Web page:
Canada Passes Sweeping Spy Bill Aimed At Citizens


Canada Passes Sweeping Spy Bill Aimed At Citizens

While Europe comes to its senses and resoundingly rejects measures that allow governments to spy on its citizens, Canada has moved in the opposite direction. The federal government's controversial new anti-terrorism bill won the approval of the House of Commons yesterday and will be in effect very shortly.

The latest news marks a trend in Canada to go backwards when the world moves forward. In addition to the sweeping new spy powers granted to the military and law enforcement, the country has also recently started imposing mandatory minimum prison sentences and stopped parole of many types of inmates. The moves see the country, once a progressive world leader, follow the failed policies of the United States and the United Kingdom.

The Anti-Terrorism Act passed on partisan lines thanks to the Conservative government's majority which short-circuited any dialog and compromise on the radical legislation.

The legislation gives the Canadian Security Intelligence Service, the Canadian version of the NSA, more power to spy on citizens by permitting broad exchange of federal security information.

While neatly titled 'information sharing', the measures are actually just warrant-less wiretapping. The bill allows for CSIS to conduct mass, dragnet spying, and then allows law enforcement, who have traditionally been held in check by courts and the rule of law, to no longer be subject to court oversight.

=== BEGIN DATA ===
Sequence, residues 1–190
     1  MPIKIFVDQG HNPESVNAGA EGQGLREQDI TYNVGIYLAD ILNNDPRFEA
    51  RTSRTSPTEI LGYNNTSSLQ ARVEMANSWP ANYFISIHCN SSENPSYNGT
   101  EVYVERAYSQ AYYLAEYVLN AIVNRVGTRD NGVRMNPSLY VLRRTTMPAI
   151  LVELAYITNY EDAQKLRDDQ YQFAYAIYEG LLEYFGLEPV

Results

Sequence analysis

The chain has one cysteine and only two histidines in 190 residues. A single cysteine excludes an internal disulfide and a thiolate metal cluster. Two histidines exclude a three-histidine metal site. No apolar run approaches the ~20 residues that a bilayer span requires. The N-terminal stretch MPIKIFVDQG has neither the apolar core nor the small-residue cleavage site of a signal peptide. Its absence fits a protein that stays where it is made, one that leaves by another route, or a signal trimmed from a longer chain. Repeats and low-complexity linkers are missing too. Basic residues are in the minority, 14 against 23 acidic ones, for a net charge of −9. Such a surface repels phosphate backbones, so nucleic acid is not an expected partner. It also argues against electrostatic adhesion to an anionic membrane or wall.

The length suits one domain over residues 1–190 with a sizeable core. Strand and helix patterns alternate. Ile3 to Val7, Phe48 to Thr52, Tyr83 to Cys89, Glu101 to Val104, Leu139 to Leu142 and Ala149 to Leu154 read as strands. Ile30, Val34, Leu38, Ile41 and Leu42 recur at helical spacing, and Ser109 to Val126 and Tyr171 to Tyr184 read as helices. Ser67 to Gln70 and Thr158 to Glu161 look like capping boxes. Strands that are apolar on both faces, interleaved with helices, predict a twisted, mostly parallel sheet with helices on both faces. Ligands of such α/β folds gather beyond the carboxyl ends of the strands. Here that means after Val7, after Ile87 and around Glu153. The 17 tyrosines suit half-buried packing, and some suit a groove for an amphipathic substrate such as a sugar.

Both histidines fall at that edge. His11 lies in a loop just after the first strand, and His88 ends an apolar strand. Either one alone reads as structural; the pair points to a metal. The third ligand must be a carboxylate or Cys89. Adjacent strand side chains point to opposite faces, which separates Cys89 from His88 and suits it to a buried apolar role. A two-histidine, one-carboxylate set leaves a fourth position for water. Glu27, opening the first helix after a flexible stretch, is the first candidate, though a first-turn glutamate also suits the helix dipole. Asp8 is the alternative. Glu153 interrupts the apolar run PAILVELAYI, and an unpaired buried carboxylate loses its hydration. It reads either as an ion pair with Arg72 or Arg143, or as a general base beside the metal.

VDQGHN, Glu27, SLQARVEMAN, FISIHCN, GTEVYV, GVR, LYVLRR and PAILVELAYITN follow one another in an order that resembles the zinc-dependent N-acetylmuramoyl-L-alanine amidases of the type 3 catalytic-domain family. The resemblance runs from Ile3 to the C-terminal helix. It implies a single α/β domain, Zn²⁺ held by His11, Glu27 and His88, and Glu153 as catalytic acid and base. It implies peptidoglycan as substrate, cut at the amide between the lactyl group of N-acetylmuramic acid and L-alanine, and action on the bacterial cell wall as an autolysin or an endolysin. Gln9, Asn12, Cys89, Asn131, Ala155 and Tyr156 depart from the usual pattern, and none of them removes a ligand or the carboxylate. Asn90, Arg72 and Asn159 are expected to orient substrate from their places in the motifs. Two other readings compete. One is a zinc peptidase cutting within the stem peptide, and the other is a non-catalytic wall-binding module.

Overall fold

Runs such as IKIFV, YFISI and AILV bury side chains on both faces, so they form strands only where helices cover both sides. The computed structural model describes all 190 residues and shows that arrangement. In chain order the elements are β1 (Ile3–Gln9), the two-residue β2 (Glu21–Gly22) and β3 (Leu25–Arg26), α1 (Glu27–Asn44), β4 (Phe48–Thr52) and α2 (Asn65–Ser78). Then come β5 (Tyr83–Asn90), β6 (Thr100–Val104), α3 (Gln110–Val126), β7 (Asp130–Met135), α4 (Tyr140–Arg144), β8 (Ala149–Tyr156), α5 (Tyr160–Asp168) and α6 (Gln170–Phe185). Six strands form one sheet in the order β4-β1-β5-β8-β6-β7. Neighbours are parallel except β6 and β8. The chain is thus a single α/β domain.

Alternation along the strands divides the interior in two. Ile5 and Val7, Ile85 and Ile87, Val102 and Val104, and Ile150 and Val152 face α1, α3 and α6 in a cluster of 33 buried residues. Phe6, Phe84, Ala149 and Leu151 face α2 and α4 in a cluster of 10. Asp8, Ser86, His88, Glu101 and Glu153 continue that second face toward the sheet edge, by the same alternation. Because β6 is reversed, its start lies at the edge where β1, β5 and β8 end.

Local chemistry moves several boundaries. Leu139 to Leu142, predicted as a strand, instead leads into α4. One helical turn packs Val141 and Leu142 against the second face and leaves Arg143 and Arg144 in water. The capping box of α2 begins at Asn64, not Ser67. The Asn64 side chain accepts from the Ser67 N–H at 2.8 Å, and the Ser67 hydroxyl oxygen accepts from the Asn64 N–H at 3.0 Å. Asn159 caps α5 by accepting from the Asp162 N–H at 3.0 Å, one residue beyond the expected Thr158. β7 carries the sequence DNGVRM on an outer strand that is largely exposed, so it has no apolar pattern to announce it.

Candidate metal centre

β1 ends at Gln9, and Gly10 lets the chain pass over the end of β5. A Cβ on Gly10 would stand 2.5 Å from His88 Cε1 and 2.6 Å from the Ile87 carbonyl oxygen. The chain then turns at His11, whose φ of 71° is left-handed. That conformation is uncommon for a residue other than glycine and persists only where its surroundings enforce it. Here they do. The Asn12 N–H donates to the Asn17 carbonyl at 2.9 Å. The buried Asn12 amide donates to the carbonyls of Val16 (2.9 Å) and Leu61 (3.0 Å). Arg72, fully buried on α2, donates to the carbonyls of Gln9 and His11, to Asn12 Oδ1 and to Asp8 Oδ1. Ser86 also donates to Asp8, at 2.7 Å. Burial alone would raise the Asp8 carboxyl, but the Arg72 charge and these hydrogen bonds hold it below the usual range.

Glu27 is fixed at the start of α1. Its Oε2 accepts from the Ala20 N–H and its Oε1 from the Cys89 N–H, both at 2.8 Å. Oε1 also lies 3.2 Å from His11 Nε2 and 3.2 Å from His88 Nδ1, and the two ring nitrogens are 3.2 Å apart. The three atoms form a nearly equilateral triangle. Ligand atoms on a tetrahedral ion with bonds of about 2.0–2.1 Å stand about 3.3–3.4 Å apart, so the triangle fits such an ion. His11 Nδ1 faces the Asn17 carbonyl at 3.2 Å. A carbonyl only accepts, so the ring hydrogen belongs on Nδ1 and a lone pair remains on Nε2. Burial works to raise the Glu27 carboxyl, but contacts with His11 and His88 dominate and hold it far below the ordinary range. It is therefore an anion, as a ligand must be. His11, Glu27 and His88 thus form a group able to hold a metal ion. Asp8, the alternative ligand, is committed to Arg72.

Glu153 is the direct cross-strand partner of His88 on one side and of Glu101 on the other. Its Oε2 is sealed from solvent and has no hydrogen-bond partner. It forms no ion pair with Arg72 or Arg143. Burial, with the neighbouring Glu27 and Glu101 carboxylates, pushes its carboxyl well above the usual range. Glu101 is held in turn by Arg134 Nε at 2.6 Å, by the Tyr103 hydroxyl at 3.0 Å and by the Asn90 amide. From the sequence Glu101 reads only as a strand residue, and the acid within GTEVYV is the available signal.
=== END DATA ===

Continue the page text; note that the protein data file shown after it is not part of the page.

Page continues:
A national day of action against the government's proposed Bill C-51 was held in March but little could be done given the governments majority position.

A range of interests — civil libertarians, environmental groups and the federal privacy commissioner — have expressed grave concerns about the information-sharing provisions, saying they will open the door to abuses.

Prior to the vote, the Opposition New Democrats voted noisily — and in vain — in favor of proposed amendments that they say would have added a level of oversight and stronger privacy protections, among other things.

The new powers will also permit CSIS to thwart travel plans, cancel bank transactions and covertly interfere with media using so-called 'psychological operations'.

Given the bill requires no oversight of CSIS, it will be unknown to the public just how often and to what extent these measures are used against Canadian citizens.

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